Meta CEO Mark Zuckerberg has his home office in Metaverse.
According to Zuckerberg, workers can use the metaverse office to take “Messenger calls, read emails or work on your next big project.”
Meta’s Horizon is a group of three social VR apps that came last December. It includes Horizon Worlds (user-created experiences), Horizon Venues (sports and concerts), and Horizon Workrooms (work). They resemble 3D social playplaces, where users create their own avatars and interact with each other.
There are also apps for spreadsheets (Smartsheet), visual collaboration (MURAL), email (Spike), and VR versions of Dropbox and Slack.
If you want to know what it feels like to read your emails in VR, Lifewire took one for the team. While reading emails can become grating in the real world, the Quest 2 speedruns the experience and gets “uncomfortable after half an hour.” Spike’s VR app also lacks the ability to attach files to an email, a feature that has been available outside the metaverse since 1998.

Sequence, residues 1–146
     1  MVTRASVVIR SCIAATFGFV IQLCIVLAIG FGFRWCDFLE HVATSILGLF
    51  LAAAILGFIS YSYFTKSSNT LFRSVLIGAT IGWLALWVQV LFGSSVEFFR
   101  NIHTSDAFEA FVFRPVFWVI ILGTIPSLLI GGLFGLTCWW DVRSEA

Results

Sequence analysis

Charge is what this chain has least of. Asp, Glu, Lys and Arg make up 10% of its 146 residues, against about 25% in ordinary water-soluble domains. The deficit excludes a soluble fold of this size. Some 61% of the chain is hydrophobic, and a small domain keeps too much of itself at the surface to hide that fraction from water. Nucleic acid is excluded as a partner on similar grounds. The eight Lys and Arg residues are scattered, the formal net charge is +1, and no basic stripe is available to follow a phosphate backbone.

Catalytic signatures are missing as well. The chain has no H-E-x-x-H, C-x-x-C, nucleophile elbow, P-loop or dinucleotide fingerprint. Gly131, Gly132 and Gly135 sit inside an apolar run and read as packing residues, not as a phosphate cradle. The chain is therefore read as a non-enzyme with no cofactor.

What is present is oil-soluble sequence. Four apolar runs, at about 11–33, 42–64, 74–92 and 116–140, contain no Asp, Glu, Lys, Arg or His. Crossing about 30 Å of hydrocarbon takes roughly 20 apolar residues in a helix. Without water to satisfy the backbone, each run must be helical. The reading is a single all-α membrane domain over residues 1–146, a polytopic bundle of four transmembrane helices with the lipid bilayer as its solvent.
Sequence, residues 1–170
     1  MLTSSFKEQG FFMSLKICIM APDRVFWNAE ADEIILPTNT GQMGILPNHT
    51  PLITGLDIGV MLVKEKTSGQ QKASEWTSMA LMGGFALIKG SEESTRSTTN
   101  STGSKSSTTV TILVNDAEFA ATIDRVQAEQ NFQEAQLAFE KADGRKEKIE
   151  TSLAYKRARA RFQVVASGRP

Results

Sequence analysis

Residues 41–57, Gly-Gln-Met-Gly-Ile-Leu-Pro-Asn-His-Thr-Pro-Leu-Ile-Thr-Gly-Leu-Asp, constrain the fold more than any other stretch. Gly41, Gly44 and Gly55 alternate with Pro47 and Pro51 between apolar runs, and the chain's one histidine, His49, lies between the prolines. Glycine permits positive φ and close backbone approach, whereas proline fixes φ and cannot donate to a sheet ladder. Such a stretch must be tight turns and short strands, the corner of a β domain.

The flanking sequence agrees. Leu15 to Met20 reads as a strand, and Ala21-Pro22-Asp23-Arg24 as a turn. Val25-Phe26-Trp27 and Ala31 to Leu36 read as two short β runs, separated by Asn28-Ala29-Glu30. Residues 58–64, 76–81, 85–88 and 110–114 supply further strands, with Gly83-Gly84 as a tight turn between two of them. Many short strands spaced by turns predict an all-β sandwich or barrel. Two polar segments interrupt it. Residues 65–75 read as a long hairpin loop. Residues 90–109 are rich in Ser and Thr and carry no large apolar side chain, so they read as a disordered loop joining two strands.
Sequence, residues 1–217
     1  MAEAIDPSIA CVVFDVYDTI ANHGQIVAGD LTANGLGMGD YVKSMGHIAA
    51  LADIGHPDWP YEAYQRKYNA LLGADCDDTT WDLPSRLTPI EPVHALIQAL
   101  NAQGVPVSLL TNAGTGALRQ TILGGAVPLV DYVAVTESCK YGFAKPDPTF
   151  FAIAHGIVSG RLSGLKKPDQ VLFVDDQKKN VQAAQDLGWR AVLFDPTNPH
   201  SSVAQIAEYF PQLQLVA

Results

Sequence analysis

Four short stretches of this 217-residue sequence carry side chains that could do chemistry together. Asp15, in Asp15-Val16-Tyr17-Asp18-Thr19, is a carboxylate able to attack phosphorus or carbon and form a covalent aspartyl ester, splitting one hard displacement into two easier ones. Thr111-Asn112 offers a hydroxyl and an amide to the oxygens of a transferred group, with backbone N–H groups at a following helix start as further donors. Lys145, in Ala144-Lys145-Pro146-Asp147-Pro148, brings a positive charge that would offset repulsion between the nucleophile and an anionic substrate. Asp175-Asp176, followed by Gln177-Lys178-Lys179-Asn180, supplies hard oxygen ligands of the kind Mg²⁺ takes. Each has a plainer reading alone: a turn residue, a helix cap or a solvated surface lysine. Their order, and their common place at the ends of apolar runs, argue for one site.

“I really don’t see the point of it. Why would you need to do office work in a virtual world? It looks great for sure, but that’s about it,” wrote one user in the comments of Zuckerberg’s post.
IDC has reported that more than 11.2 million VR/AR headsets were sold in 2021, a 92.1 percent increase from the year prior. The newly rebranded Meta Quest 2 (formerly known as the Oculus Quest 2) hit stores this week. The Quest 2 is currently the world’s best-selling VR headset, but that could change when Sony, Apple, and other tech giants enter the space.
While we can’t know for sure how much Meta has spent developing digital cubicles specifically, the company plans to sink at least $10 billion in metaverse projects this year alone. For reference, WeWork went public at a valuation of $9 billion.